Our first regular season has come and gone. It’s been a bit of a roller coaster ride, but an app that’s unique, fun and useful has been born. The process of creating an app is both exciting and frustrating, but I am happy with what has finally developed: A useful and fun tool that helps all fans locate the best foul ball locations in each of the 30 MLB stadiums, offers a chat at the game feature, trivia and the first and ONLY foul ball odds calculators on the web.
But it’s been an uphill battle, to be honest. Delays and glitches—common enemies of coders, developers and designers—plagued a couple versions and I had my people do a near complete overhaul of the app design to make it so you, the user, can order tickets from the app, shop the MLBShop, be active with others, check odds, and even check the FoulBallz website…yes, all from the app.
I’m especially happy about the initial partnership-type set up I have established with myGameBalls.com. I’ve intermittently followed ballhawks like Zack Hample for years, but never fully understood the activity until late in this season. It is fascinating. I don’t understand the abuse these fans endure by others. It is a fun, interesting, and entertaining hobby, one I wish I could participate in to some degree, but I’m stuck in a state with no MLB and in a city too far from any parks to do anything on a regular basis. Regardless, I’ve thoroughly enjoyed speaking and interacting with some great guys.
It’s been a true, unadulterated blast doing this first season, and I look forward to many, many more.
But without further ado, below is a synopsis of the data you, the FoulBallz family of users, reported for us. I’ve subtracted all test “hits” from the totals below. The data shows the number of confirmed fan clicks divided by the number of users if more than one, and the top three sections each stadium has registered. Some parks have no user hits (or none at all), so were skipped altogether. Remember that the data set is small and certainly not an accurate picture of where balls fly, but it is a start.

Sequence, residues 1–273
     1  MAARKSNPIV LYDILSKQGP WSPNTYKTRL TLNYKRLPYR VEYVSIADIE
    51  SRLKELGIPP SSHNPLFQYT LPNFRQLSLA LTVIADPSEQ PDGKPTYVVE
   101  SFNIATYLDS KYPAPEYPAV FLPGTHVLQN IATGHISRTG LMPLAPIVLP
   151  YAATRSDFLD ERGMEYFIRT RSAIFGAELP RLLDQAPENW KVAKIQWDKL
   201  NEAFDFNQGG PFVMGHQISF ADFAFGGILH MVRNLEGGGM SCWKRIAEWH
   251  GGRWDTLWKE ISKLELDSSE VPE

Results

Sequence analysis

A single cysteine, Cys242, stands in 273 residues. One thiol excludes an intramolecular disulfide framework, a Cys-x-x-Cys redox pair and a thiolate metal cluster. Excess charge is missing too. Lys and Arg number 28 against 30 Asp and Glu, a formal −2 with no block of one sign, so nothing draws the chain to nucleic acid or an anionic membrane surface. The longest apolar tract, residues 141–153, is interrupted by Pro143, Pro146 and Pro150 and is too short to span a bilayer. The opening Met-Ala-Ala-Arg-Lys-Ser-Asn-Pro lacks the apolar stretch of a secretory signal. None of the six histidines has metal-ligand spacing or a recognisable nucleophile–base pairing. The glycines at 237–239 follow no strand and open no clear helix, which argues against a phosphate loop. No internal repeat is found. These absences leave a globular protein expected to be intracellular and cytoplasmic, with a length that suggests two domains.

Let me start with the 2013 playoff teams:
Busch: The Cardinals had 12 user hits. Those attending the post-season games may want to look at sections 162 (2 registered fouls), 236 (1), and 147 (1).
Comerica: 14 hits, with sections 139, 131, and 116 all registering 2 balls.
Dodger Stadium: Only 1 non-test click, so no data.
Fenway: 20 hits for the old park. Section 17 having 5 and 23 and 25 both with 3.
Oakland Coliseum: 14 fan clicks with 127, 228 and 108 each getting 1.
PNC: 7 hits with 123 having 2 and sections 212 and 221 each having 1.
Progressive: 14 hits (the most official hits for the playoff teams). The Indians have a three way tie at the top: 176, 340 and 156 each with 1.
Of the non-playoff teams, the leaders are:
Chase: 48 hits. Sections 112 (5) and 122, 212 and 204, 4 each.
Great American Ballpark: 30 hits. Section 112 had 4, while sections 112, 113 and 117 had 3 each.
Camden Yards: 43. The leaders being: 12 (9), 14 (4), and 15 (3)
Rangers Park: 27 unique clicks. 217 (3), 322 (3) and 15 (2)
Turner Field: 28 hits. Top sections are: 107 (6), 119 (4) and 216 (3)
US Cellular: 19 clicks. There’s a three way tie between 136, 120 and 530, each with 2 registered. (A special thanks to a good friend for testing the very first version of FoulBallz at this park!)
Wrigley: 51 (the leader in unique visitor clicks for the entire MLB! Go Cubs fans!). These fans marked 200 with 5 fouls, 216 with 3, and 113 as having 3 as well.
A few caveats with these numbers:
First, they are not numbers from the entire season. As bugs were found I had to reset data, so the numbers here are based on ONLY August and September numbers. If you multiply the numbers by 3 (1/2 of the previous 6 months of baseball), you’ll get a very rough idea of the number of clicks that could have been registered.
Second, take the numbers for what they are. With a small amount of data there’s no guarantee that these numbers will be the same if 1000 balls get registered.
Regardless of the delays and bugs, this first regular season has been a blast for me, a great learning experience and I’ve “met” 100s of new Twitter fans. I hope that everyone will continue to support this app and site and that we can build a larger community—to include not only fans and uber-fans but players, coaches, owners, bloggers and commentators—and find out if there really is a pattern to the underappreciated foul ball. I look forward to the 2014 MLB Season and getting to connect with more fanatics!
Remember: Play outside the lines!